A system is a collective of interconnected parts or processes, all acting within the context of a greater whole. A flock of starlings differs from spaghetti on toast in this fundamental aspect. The flock appears chaotic, but in fact behaves according to rules which are seemingly set in stone.  The spaghetti shows no flavour of interconnectedness nor any kind of behaviour. The strands do not interact and so are unable to work together to prevent being eaten by me. The flock of starlings however can.  

I’ll take the spaghetti. 

The swarming behaviour exhibited by the birds and other creatures which swarm (locusts, Monarch butterflies etc) is an emergent property, arising from the interactions between sub units. 

Back to infrastructure. The flock of starlings acts as it does because all of the birds can see each other or otherwise interact with each other in some way. Mechanisms exist by which the birds connect to each other, and so something new emerges from a seemingly disparate collection of birds. Consider a city.  Many cities began as gatherings of family groups or tribes. For these small groups such an existence worked. Not much infrastructure other than language, common customs and some simple rules were needed in order for these simple societies to function. 

But then the families began to grow. Other villages were discovered. Tribes went to war. Other villages and tribes were conquered. Populations and customs began to change as other cultures and ideas sped up progress.  Farming was discovered: trade followed. Technology developed. This is all part of the growth of a society,  and it is an analogue for the evolution of multicellular life. As time goes on infrastructure is a necessity. Roads, money, writing, advanced modes of travel, all develop as a natural by product of the growth of a society. A city becomes an organic thing. It sprawls across a landscape, complete with a venous network of roads and railways. Communications dart back and forth along phone lines and fibre optic lines: the equivalent of nerves, enabling disparate sections of the city to be aware of outside forces and distant events. From a distance these branching roads and lines could bear a passing resemblance to biological infrastructure. Even lower eukaryotes appear to understand this:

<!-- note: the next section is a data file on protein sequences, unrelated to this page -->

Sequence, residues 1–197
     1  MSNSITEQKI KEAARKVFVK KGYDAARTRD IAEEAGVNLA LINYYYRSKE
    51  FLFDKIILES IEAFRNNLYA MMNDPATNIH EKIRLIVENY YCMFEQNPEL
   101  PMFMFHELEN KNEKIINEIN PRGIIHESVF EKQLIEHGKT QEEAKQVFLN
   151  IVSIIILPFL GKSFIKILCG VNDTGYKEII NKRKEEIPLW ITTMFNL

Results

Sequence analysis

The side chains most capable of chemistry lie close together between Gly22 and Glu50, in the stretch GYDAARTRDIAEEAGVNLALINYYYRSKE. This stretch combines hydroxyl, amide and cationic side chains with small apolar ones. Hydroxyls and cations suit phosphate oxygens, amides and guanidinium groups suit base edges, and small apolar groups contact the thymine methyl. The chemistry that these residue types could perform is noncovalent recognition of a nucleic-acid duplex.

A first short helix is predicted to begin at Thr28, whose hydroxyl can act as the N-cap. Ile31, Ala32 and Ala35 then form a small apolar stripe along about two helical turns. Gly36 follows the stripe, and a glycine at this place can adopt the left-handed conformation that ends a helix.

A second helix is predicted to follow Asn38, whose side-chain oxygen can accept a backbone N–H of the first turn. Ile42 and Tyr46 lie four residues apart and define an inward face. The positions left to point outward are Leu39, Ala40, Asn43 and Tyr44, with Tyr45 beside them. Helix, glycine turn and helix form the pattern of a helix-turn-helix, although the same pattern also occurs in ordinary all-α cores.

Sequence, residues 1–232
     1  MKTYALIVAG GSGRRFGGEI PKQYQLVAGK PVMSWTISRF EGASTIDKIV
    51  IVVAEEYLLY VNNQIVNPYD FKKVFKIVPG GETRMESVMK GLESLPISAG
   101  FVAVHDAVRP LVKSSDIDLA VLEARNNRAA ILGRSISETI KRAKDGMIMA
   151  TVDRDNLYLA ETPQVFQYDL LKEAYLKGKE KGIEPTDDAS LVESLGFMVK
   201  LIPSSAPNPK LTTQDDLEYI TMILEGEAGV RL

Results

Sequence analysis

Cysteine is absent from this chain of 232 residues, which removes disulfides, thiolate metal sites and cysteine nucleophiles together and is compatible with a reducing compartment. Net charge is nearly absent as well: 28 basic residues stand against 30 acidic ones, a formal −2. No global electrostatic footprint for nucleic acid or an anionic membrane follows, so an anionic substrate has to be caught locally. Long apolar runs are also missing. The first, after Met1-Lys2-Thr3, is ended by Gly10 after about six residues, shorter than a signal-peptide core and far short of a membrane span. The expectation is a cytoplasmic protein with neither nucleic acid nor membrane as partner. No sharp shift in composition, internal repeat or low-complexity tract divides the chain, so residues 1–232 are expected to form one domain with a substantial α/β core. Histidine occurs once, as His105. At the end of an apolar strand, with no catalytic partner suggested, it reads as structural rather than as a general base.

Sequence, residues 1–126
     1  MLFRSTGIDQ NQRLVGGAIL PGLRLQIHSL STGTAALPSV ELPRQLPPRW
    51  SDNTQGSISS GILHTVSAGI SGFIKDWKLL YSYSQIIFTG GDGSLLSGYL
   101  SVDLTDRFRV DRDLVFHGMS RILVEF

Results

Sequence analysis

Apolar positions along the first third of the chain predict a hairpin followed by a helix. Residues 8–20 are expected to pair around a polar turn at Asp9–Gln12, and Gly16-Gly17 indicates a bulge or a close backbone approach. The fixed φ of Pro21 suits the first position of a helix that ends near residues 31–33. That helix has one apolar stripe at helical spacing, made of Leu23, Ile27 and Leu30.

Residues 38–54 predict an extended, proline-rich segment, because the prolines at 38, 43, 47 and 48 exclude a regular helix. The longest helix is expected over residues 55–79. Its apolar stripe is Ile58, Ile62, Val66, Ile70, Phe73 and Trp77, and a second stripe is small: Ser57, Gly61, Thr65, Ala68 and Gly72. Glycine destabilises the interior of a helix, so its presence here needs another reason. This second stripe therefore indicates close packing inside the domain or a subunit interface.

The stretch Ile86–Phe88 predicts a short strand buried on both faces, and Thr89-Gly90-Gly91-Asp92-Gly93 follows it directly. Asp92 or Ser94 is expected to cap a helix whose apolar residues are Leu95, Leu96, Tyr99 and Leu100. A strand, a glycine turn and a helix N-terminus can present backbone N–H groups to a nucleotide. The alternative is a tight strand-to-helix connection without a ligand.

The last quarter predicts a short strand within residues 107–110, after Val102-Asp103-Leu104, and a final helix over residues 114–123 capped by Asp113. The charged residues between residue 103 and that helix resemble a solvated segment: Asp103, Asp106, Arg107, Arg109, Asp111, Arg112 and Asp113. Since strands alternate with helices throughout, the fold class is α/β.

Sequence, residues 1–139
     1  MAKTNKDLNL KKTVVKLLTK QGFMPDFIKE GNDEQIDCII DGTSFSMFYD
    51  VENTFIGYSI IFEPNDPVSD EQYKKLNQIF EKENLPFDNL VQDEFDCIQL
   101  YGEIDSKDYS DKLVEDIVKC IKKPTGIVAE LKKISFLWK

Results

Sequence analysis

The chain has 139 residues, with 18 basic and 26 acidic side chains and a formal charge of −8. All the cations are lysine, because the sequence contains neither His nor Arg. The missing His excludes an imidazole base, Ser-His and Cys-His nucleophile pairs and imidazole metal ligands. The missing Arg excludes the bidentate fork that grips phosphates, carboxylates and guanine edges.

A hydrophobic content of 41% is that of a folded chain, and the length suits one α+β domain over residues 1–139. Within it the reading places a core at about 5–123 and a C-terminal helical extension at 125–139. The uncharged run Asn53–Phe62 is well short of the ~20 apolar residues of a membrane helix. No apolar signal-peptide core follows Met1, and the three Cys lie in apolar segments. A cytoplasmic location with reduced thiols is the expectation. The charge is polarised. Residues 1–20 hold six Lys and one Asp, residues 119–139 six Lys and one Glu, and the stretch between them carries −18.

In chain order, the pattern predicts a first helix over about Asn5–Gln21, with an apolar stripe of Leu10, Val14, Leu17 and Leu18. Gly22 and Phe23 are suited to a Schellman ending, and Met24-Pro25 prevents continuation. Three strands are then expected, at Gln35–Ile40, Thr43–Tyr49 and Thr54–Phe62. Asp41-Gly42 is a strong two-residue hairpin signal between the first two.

This is the famous example of a slime mold set to work redesigning Tokyo’s rail network! Many experiment have shown these unbelievable organisms effortlessly redesigning Spanish and Portuguese rail networks: often rendering them more efficient than the human engineers!

So at a glance at least it looks as though the collective behaviour shown by a slime mold runs along similar lines to the growth of a city. Lines of infrastructure, connecting sub units, create a gestalt entity; something more than the sum of its parts. 

If life (and in particular multicellular life) arose due to a proclivity for exploiting the connective properties of certain naturally recurring patterns and structures, how did life figure this out? Obviously roads didn’t appear before cities. But in every single city on earth roads could be found. The idea of a road always existed. Roads were inevitable.

Off on a wild tangent? Is this a flight of fancy? Maybe, maybe not.  What do you think? Self organisation and emergence aren’t just products of group behaviour. They are inherent tendencies, built into the fabric of space and time. Feel free to pipe in with your opinion. Thanks for reading. It’s been a long post, and possibly rambling, but it’s a blog.  Not the six o’clock news.

Cheers,

Ben.

P.S.

Check out Biographic on YouTube and Twitter. Well worth it.

Take a look at bioGraphic (@bioGraphic): https://twitter.com/bioGraphic?s=09